Markus Zusak’s The Book Thief was one of the literary successes of last year in the UK, although it was first published in Australia a couple of years ago. It was one of those books that was always being heavily promoted by the large book shop chains and the front cover boldly declares it as a No.1 Bestseller. I normally approach such books with a certain degree of caution, as I am deeply uncomfortable with the way that the large book shops come to financial deals with publishers to promote certain books and heavily discount them, which in turn influences our reading habits. I’m also not wont to quoting from the Daily Telegraph, but in this case I find myself in complete agreement with the quoted critic on the back cover who claims that this book is ‘extraordinary, resonant, beautiful and angry.’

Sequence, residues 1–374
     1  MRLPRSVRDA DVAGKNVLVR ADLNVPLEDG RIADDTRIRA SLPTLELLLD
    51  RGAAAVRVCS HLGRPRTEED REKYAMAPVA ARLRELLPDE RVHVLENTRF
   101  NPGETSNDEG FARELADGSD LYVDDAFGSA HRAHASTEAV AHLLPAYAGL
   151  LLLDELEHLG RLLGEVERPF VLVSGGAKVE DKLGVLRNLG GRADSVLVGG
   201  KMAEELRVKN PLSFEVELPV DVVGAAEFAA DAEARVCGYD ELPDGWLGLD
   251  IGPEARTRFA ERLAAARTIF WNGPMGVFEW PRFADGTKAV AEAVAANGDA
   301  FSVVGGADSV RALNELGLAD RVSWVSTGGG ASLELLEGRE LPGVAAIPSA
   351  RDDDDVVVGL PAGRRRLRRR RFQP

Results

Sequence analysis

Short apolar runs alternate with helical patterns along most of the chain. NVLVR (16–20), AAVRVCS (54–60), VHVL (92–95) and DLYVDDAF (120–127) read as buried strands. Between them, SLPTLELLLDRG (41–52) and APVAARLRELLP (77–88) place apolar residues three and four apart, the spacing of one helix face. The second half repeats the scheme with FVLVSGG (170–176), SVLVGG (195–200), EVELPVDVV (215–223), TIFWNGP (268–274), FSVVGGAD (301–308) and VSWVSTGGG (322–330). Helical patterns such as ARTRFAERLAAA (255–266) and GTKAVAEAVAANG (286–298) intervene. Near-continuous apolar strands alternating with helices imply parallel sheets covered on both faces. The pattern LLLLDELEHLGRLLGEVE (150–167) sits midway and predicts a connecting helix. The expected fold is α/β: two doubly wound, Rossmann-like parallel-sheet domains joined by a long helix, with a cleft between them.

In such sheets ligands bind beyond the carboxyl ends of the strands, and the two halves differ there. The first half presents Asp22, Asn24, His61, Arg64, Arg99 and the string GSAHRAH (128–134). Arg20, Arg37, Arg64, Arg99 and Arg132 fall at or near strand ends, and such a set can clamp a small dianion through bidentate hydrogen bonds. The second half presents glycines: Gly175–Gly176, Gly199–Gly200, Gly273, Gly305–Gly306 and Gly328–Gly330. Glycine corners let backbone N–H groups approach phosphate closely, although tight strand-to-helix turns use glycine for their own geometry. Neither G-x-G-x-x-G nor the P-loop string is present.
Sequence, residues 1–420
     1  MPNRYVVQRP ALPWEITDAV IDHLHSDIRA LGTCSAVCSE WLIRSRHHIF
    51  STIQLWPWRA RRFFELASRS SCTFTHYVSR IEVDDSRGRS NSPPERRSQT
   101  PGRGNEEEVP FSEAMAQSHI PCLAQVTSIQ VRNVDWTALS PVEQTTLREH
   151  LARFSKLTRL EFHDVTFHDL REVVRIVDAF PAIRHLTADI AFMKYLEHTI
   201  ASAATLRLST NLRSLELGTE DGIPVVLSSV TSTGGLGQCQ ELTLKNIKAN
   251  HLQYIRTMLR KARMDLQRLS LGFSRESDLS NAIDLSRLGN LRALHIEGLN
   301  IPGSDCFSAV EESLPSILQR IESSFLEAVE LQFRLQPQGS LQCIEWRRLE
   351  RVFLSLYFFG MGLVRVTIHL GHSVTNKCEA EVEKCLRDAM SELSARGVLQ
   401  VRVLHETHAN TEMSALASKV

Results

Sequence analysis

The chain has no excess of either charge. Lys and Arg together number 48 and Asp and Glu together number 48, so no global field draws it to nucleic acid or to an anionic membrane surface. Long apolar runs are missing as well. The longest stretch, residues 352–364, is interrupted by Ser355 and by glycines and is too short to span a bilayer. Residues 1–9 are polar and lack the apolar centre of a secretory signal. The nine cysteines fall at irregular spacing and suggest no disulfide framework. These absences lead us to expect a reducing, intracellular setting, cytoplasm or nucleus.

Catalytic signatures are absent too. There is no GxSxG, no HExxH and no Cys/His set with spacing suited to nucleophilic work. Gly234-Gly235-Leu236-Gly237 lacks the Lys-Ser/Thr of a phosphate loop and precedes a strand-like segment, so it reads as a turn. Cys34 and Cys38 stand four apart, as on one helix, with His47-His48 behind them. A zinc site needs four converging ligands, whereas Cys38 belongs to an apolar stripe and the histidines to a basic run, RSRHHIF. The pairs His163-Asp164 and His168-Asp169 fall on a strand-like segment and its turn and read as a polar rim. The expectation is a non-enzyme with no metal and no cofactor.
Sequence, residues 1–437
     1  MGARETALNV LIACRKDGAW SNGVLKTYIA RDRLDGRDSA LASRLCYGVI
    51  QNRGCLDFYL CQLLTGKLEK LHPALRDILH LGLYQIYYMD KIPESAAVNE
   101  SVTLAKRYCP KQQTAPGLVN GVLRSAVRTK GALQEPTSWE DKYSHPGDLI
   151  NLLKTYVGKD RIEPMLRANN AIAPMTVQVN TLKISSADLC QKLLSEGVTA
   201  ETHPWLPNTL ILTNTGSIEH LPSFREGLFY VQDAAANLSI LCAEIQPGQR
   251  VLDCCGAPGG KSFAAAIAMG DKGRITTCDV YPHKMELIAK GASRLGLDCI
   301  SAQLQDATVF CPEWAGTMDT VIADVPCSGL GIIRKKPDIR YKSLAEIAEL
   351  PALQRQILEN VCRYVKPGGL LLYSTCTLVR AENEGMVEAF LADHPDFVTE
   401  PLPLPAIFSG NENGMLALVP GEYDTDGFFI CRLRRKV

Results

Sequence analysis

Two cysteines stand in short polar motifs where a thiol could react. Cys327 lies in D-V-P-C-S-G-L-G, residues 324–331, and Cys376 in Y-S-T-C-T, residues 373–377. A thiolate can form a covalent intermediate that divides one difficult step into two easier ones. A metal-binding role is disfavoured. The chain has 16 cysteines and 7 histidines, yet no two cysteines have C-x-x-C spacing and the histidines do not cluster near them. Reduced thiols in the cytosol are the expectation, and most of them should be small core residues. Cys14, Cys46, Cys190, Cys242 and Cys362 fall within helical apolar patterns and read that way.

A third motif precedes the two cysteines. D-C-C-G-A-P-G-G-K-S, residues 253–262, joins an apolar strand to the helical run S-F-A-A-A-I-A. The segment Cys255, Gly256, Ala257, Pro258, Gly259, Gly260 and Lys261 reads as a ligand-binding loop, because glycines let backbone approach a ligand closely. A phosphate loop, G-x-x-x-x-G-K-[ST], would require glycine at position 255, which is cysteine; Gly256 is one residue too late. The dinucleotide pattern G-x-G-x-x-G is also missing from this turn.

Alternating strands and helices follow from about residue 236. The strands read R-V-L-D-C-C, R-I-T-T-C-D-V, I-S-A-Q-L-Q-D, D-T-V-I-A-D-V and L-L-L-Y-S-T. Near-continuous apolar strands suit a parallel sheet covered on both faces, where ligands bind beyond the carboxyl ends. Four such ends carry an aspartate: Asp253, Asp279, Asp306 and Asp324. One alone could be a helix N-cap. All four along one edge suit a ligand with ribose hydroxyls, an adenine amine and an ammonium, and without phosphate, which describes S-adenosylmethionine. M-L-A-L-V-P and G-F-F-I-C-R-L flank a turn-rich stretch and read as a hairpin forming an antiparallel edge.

The story is set in Germany during the Third Reich and specifically during the war years and concerns the story of a young girl, taken away from her communist parents and placed in the foster care of a working-clas family on the outskirts of Munich. The political background to the story is, of course, vital and it is a book that on one level is full of despair. Yet it is also a hopeful book. Against the political story, another story unfolds: that of a young illiterate girl who steals books and learns to read and write. Books (and the library she breaks into) are both her refuge and her way of understanding her reality. In contrast to the dehumanisation of society by the Nazis, literature exists as a humanising force. The girl is given a notebook as a present in which she begins to write her story, thus taking control of her own destiny and identity and becoming the storyteller of her own life.
This is a deceptively rich book that is simultaneously deeply tragic and life-affirming.